In ruling for the plaintiff the trial court held that the United States is liable for the negligence of its airport control personnel. In particular, the court found that the negligence of the FAA controllers consisted of 1) failing to provide adequate separation between the decedent's aircraft and the preceding TWA 707 transport aircraft; 2) advising decedent to keep his aircraft in close behind the preceding 707 jet aircraft and telling him at the same time that there were other planes behind him; and3) failing to advise decedent of the presence of the hazard of wake turbulence caused by the 707 jet transport.
Evidence at the trial, according to the court, showed that wake turbulence is generated behind and below heavier aircraft. This turbulence is invisible and moves in a circular fashion from a vortex. It is capable of remaining for periods ranging from 10 to 10 minutes. The paths from these vortices remain until they strike the ground and are disintegrated. A small aircraft flying at low altitudes encountering wake turbulence is in a very dangerous situation.
Although the government sought to establish that the Cessna crashed as a result of stalling, the overwhelming weight of the evidence disproved this. The evidence also showed that Mr. Humphries, the instructor, had talked to Yates on the subject of wake turbulence. Humphries said that Yates had more knowledge on the subject than most pilots. At the trial he amended this to more knowledge than most pilots of his (Yates') experience.
A trans-Texas Convair 530 Turboprop aircraft was following the Cessna in a landing pattern very closely behind the Cessna. The evidence also showed that the Cessna, after receiving the instruction to get in behind the 707, altered its flight pattern so as to come in close behind the 707.
In seeking a reversal the government, first, maintains that the trial court's finding and conclusion that the FAA controllers were negligent was clearly erroneous. They rely on the fact that the regulations establish that each pilot is in command of and responsible for his own aircraft and has the final authority with respect to its operation, and that it is up to the pilot to exercise his own judgment as to existence of hazard and to refuse to accept instructions which he considers increase his peril. The government says that Yates was guilty of either sole or contributory negligence in flying into the wake turbulence area regardless of whether the government instructed him to follow the TWA 707 and that the loca controllers were not guilty of negligence in failing to maintain proper separation between the 707 and the Cessna.
Second, the government contends that the pilot was contributorily negligent. He was flying under visual flight rule conditions and there was flight visibility for a distance of at least three miles so that he could observe all other aircraft in the area. Under these conditions, according to the government, he is required to maintain his own distances in accordance with the rules governing all aircraft. They argue that even if the government may have been negligent, it is clear that the pilot was guilty of contributory negligence and is therefore barred from a recovery. It was the obligation, so the government argues, of Yates to maintain a landing pattern slightly above that of the preceding plane and to touch down on the runway at a point beyond the touch down point of the preceding plane. This, so it is argued, Yates did not do. The government cites and relies on Sanbutch Properties v. United States, 343 F.Supp. 611 (N.D.Cal.1972); Thingulstad v. United States, 343 F.Supp. 551 (S.D.Ohio 1972); Wasilko v. United States, 300 F.Supp. 573, (N.D.Ohio 1967) aff'd, 412 F.2d 859 (6th Cir. 1969).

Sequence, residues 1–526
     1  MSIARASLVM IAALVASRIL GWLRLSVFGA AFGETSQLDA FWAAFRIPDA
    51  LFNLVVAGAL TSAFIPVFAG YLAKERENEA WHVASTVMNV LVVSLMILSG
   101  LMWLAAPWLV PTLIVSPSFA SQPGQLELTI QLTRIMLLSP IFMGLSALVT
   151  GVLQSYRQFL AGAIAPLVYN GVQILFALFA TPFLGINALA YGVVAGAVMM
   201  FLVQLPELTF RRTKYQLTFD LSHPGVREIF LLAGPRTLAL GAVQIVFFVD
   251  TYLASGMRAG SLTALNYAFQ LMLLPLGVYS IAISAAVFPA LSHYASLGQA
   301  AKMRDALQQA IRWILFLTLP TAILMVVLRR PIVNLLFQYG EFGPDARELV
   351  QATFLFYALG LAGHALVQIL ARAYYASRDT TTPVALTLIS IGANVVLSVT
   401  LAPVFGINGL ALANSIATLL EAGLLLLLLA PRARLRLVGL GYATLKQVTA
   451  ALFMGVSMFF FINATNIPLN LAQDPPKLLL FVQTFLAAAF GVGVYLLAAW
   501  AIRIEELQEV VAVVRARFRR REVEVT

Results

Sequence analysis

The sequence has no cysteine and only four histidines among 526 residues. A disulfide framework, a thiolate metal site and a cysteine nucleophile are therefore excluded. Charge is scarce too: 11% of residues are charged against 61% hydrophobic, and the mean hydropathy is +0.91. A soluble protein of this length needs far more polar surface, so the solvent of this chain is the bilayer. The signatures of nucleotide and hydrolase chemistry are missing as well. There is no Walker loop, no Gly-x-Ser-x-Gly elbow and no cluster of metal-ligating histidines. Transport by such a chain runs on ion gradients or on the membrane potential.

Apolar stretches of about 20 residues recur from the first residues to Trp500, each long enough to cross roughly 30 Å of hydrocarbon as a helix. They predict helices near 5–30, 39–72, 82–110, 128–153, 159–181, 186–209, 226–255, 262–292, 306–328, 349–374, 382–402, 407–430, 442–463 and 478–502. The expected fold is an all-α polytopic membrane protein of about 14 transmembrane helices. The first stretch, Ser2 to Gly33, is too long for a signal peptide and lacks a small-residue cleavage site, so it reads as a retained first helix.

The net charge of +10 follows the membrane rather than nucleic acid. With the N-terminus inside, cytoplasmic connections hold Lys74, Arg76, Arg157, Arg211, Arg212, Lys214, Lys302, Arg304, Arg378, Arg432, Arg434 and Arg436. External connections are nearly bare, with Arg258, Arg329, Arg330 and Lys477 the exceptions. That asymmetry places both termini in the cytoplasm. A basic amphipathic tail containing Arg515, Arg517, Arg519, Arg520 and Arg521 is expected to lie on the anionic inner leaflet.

Third, it was not negligence on the part of the controllers to fail to warn of the existence of wake turbulence.
The trial court has made extensive findings of fact and conclusions of law on the points which are advanced. To succeed, the government must, of course, demonstrate plain error.
The tower is a circular glass-enclosed room allowing observation in all directions, and it is located at the top of the air control tower and is known as the tower cab. Its lower portion has the radar room and does not permit observation.
Mr. Sanger, who operated the approach control position in the radar room, was a trainee and was supervised by a Mr. Nattress, who had no active participation in the proceedings leading up to the crash in question. In addition to the men mentioned, one William E. Moore was in the tower cab acting as liaison between the approach controller and the local controller. His function was to assist both. He passed on information from the approach controller to the local controller by telephone.
The court found that the facts which we have recited correctly described the occurrences immediately preceding the approach of the Cessna and its crash. Thus, no serious dispute exists as to the cause of the crash and as to the happenings leading to it. It is not disputed that Sanger did not give the decedent a cautionary warning regarding the existence of wake turbulence and that Mr. Haines, the local controller, did order decedent to follow the TWA 707 more closely. The judge found that the approach controller was required to consider the relative speeds of the aircraft, and that after reaching a certain point Yates became subject to the local controller, who told him to continue the same approach sequence he had been placed in. It was Mr. Haines who told the decedent to keep in close behind the TWA jet 'there are others behind you.' The court found that Haines was apparently under the mistaken belief that it was necessary to get the Cessna plane to the ground so as to avoid the oncoming Trans-Texas Convair which was behind him.